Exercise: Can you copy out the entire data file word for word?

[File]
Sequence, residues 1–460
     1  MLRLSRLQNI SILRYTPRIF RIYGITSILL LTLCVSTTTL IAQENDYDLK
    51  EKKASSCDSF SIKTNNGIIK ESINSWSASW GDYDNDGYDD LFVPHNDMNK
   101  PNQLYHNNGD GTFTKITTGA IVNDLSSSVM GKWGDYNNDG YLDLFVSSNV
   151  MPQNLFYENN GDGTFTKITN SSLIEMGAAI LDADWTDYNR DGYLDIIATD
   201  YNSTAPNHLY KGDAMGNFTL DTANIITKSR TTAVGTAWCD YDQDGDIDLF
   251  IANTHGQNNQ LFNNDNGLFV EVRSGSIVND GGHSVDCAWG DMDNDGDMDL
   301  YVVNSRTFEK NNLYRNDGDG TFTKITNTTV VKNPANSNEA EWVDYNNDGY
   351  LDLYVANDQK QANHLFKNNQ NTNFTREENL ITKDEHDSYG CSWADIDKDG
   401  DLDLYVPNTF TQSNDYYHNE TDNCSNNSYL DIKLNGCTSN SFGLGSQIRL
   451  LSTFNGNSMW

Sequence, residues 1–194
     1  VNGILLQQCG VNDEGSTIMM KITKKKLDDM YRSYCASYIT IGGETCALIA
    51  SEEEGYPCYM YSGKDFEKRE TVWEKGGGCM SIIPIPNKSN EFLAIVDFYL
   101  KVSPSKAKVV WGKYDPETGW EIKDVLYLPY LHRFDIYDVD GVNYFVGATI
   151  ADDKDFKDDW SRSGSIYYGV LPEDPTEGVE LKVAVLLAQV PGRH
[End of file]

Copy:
Sequence, residues 1–460
     1  MLRLSRLQNI SILRYTPRIF RIYGITSILL LTLCVSTTTL IAQENDYDLK
    51  EKKASSCDSF SIKTNNGIIK ESINSWSASW GDYDNDGYDD LFVPHNDMNK
   101  PNQLYHNNGD GTFTKITTGA IVNDLSSSVM GKWGDYNNDG YLDLFVSSNV
   151  MPQNLFYENN GDGTFTKITN SSLIEMGAAI LDADWTDYNR DGYLDIIATD
   201  YNSTAPNHLY KGDAMGNFTL DTANIITKSR TTAVGTAWCD YDQDGDIDLF
   251  IANTHGQNNQ LFNNDNGLFV EVRSGSIVND GGHSVDCAWG DMDNDGDMDL
   301  YVVNSRTFEK NNLYRNDGDG TFTKITNTTV VKNPANSNEA EWVDYNNDGY
   351  LDLYVANDQK QANHLFKNNQ NTNFTREENL ITKDEHDSYG CSWADIDKDG
   401  DLDLYVPNTF TQSNDYYHNE TDNCSNNSYL DIKLNGCTSN SFGLGSQIRL
   451  LSTFNGNSMW

Sequence, residues 1–194
     1  VNGILLQQCG VNDEGSTIMM KITKKKLDDM YRSYCASYIT IGGETCALIA
    51  SEEEGYPCYM YSGKDFEKRE TVWEKGGGCM SIIPIPNKSN EFLAIVDFYL
   101  KVSPSKAKVV WGKYDPETGW EIKDVLYLPY LHRFDIYDVD GVNYFVGATI
   151  ADDKDFKDDW SRSGSIYYGV LPEDPTEGVE LKVAVLLAQV PGRH